Kenya secures backing for Africa’s bid to have more say in UN

| September 20, 2016 | 0 Comments
Deputy President William Ruto chats with Foreign affairs Cabinet Secretary Amina Mohammed (left) during the 71st UN General assembly meeting in New York, September 19, 2016. PHOTO | CHARLES KIMANI | DPPS

Deputy President William Ruto chats with Foreign affairs Cabinet Secretary Amina Mohammed (left) during the 71st UN General assembly meeting in New York, September 19, 2016. PHOTO | CHARLES KIMANI | DPPS

Kenya has secured key support for Africa in the continent’s push for reforms to have more say in the UN top decision-making organ.

The UN General Assembly President Peter Thomson, also in a show of confidence of the continent’s role in the affairs of the UN, sought Kenya’s permission to allow its permanent representative to the UN Macharia Kamau to head the Sustainable Development Goals implementation committee.

Mr Thomson, in a meeting with Kenya’s Deputy President William Ruto on Monday night, agreed that Africa deserves permanent representation on the UN Security Council.

The top Fiji diplomat who is the current President of the UN General Assembly agreed with the Deputy President that African countries have been frustrated in their bid to hold sway in the key UN organ that is held on to tight by five powerful nations in the world.

“I am aware of the frustration African countries face despite being great parties,” he said during a meeting on the sidelines of the UN General Assembly, which will be officially opened Tuesday by US President Barack Obama.


Mr Thomson promised to use his leverage in the largest global grouping of countries to address issues of under representation and unfavourable decision-making that has frustrated African members.

The frustrations which Africa has been facing, he said, should come to an end.

“Africa’s contribution is key. I cannot promise miracles; but I will try my best. How do we get more flexible such issues are important,” he said.

Mr Ruto, who is representing President Uhuru Kenyatta at the 71st UN General Assembly whose main agenda is to find solutions to the large movements of refugees and migrants, had raised the frustrations that African countries were facing in pushing for reforms in the UN Security Council.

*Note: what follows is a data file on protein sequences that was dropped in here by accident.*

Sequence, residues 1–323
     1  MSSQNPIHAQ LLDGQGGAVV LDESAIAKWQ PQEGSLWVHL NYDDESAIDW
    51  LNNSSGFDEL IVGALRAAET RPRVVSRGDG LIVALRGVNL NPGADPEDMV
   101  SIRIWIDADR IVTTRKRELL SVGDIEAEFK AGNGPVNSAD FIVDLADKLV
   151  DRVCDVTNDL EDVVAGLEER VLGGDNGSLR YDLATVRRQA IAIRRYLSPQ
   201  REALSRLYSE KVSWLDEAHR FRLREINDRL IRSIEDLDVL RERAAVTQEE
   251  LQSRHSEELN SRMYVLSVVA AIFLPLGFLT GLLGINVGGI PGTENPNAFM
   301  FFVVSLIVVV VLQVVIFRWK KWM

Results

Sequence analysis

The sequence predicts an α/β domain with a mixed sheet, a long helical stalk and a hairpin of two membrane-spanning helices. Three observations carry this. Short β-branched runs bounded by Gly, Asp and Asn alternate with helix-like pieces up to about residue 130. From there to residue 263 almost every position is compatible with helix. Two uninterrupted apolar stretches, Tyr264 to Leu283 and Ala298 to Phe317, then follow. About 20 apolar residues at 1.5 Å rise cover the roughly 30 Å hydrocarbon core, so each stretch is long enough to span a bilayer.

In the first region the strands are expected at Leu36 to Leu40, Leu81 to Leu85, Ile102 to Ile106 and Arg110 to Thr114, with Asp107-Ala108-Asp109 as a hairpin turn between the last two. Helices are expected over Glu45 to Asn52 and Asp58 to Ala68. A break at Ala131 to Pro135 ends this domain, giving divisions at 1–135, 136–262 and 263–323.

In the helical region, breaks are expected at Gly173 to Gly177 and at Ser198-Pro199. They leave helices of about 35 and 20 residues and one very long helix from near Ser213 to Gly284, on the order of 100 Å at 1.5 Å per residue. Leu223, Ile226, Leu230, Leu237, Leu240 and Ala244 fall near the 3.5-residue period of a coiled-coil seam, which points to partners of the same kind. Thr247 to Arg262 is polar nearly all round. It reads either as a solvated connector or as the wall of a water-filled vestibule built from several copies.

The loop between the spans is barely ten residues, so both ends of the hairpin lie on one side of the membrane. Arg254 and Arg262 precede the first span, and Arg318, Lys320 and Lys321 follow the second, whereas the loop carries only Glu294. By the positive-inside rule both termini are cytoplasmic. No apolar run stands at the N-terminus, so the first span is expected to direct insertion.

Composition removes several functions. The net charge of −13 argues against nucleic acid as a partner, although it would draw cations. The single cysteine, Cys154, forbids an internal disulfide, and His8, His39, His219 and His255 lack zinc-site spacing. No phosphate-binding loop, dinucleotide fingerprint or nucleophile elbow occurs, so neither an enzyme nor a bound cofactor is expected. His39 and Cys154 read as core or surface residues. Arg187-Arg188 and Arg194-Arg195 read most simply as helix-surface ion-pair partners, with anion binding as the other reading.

“We are keen as a country on matters to do with UN reform. We can share what we think the UN should look like. It should be more open and democratic,” he said.

Taking advantage of the fact that the continent played a key role in the election of Mr Thomson from the tiny Pacific island of Fiji as President of the 71st UN General Assembly, he urged Mr Thomson to use his diplomatic skills to ensure the reforms are implemented under his leadership.

“I am confident under your leadership, the United Nations General Assembly shall advance its pivotal work during this critical era in the international arena,” he said.


African countries have been pushing for reforms in the UN Security Council with a view to expanding its permanent membership to include two countries from the continent.

The continent argues that the role it plays in the UN requires it to have a voice in the decisions which are made by the powerful organ whose membership is currently held by United States of America (USA), Russia, United Kingdom (UK), China and France.

Africa has only two slots on the UN Security Council held on a rotational basis.

A committee of 10 member states, which include Kenya, have been tasked to push for the reforms by the continent.

During the meeting, Mr Thomson requested Kenya to allow Mr Kamau to head the implementation of the Sustainable Development Goals.

Mr Kamau is well versed with the SDGs, as he headed a team that crafted the development goals to take over from the Millennium Development Goals (MDGs) last year.

Mr Ruto also met UN Secretary General Ban Ki-Moon and discussed the refugee situation in Kenya, regional security and Kenya’s role in peace restoration.

The UN boss who is set to retire by the end of this year paid tribute and commended Kenya for hosting the largest number of refugees for a long period of time.

Mr Ban said: “We appreciate your commitment to address this issue, which is part of our international obligation.”

He said the UN said the refugee crisis required a global sharing of the responsibility.

He said the South Sudan crisis was a big issue and thanked Kenya for its role in spearheading amicable resolution of the power struggle.

Mr Ruto said 27,000 Somali refugees had returned to their country while 100,000 others had been processed and were awaiting funds for repatriation.

The Deputy President said the international community should play its role to ensure South Sudan realises lasting peace.

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Category: KENYA NEWS 2015, NEWS

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